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04'06 INTERVIEW
Mountains Interview
Mountaigns

Nightmares On Wax Interview
Nightmares On Wax

Trunk Records Interview
Trunk Records

04'06 FEATURES
Biosphere / Egbert Mittelstädt live
Biosphere / Egbert Mittelstädt Live

03'06 INTERVIEW
Jimmy Edgar Interview
Jimmy Edgar

Clark Interview
Clark

04'06 REVIEWS
Luigi Archetti
Bird Show
Caroline
Depth Affect
Dextro
Dictaphone
Glissandro 70
Kieran Hebden & Steve Reid
International Peoples Gang
Izu
Kyler
Loka
Lionel Marchetti
Miller + Fiam
Matmos
Modern Institute
Same Actor
Thomas Strønen
Terrestrial Tones
Uniform
Vizier Of Damascus
Zeebee

04'06 COMPILATIONS
Pop Ambient

04'06 SHORT CUTS
Alog
Christ.
Fisk Industries
Winter North Atlantic
Chin Chin

 
   
   
   
 
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Click on the cover to access the Kompakt website

 

VARIOUS ARTISTS
Pop Ambient 2006

KOMP 047CD
Kompakt 2006
13 Tracks. 72mins30secs 

Buy this CD on line now

This edition in Kompakt’s annual Pop Ambient series is once again cut from a whimsical cloth, where overtones of mystery and pathos are curdled by hypnagogic melodies, and blithe synth smears suggestive of mammoth open skies. The compositions are predictable, even saccharine, but they are nevertheless animated, and consistently reach the labels telos by providing gushing passages of effulgent ambient composition.

A track by Markus Guenter, Le Grande Illusion is the first clear standout moment. The light rap of congas bubble underneath a flickering, jubilant Rhodes, and a contemplative, slightly steely guitar motif leapfrogs ahead. The piece is versatile, and Guenter deftly organizes a wide range of dynamics, allowing a pattering of electronics and sighing voice to gradually enter the song without disturbing the other elements. Burning Bright, a piece by Ulf Lohmann is also noteworthy, as a childish voice gallops playfully overtop stealthy, tiptoeing bass, and a chugging, almost exultant beat.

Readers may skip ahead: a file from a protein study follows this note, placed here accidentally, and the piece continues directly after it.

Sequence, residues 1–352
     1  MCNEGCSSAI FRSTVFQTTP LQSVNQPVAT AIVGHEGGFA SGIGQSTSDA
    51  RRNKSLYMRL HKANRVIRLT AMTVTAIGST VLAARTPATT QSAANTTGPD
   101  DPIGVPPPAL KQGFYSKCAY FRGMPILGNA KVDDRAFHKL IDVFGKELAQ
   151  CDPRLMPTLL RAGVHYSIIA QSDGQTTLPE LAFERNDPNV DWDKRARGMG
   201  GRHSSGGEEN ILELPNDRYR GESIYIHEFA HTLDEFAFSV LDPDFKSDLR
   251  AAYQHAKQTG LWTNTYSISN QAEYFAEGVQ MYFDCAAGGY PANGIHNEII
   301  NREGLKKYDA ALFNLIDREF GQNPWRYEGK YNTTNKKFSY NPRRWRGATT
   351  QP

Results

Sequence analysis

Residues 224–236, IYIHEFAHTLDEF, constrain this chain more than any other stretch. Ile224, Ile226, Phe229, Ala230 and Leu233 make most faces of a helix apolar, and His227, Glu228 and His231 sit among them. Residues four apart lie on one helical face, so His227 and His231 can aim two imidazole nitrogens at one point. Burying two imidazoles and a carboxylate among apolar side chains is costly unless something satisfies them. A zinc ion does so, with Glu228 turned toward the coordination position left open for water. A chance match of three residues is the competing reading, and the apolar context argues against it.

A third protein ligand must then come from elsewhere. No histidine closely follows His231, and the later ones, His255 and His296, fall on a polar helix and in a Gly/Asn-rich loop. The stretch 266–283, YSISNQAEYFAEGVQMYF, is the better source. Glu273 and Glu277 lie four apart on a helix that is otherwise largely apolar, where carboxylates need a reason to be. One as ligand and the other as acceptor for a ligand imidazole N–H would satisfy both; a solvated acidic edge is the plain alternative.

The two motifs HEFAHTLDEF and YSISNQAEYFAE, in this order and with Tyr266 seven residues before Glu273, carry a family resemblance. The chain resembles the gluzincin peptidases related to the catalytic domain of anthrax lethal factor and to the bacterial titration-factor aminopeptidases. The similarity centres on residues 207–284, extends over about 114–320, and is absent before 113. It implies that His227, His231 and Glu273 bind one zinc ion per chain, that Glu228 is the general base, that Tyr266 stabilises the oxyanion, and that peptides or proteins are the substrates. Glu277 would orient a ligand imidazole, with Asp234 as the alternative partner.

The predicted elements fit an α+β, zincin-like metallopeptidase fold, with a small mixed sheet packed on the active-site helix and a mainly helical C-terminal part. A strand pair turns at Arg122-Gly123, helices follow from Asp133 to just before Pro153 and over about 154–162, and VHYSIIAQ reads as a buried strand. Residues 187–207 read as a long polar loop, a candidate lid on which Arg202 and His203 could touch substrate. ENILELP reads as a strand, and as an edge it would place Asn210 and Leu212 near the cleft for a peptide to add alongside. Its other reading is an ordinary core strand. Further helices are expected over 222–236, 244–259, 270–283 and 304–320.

Elsewhere, pieces are relaxed to the point of sleepiness; their smooth edges and arctic shimmers are reminiscent of some of Eno’s more sedative efforts, assuaging the listener of any and all concern. As indicated earlier, this will no doubt displease others, and rightfully so, for this album is altogether too open and overt in its desire to please, going for tried and true forms rather than working for the listener’s attention. In fact, with such an onslaught of gentle timbres, and silky synth chords, the album presents such complete forms that there is little room or chance for the listener to engage with these works - rather, the listener is passive, a mere onlooker who is expected to let these sprightly songs wash over them.

Be that as it may, other compositions, such as Come To Where I Go, and Albatros attempt to sketch more of a personal statement with which one may to some extent interact. The former features a whirling wave of static, tinged with dash of dissonance, and punctuated by a moody guitar line that trembles threatening overtop. Albatros, meanwhile, is replete with more stimulating detail, as it churns out a distorted, buzzing electronic mayhem. Perhaps the biggest surprise, though, and a welcome one at that, is the decision by Klimek to provide an interpretation of the much beloved Erik Satie piece Gymnopedie #1. Klimek opts not to alter the piece in any severe way, merely placing the odd skittering high-frequency alongside the compositions graceful harp melody.

Max Schaefer

 

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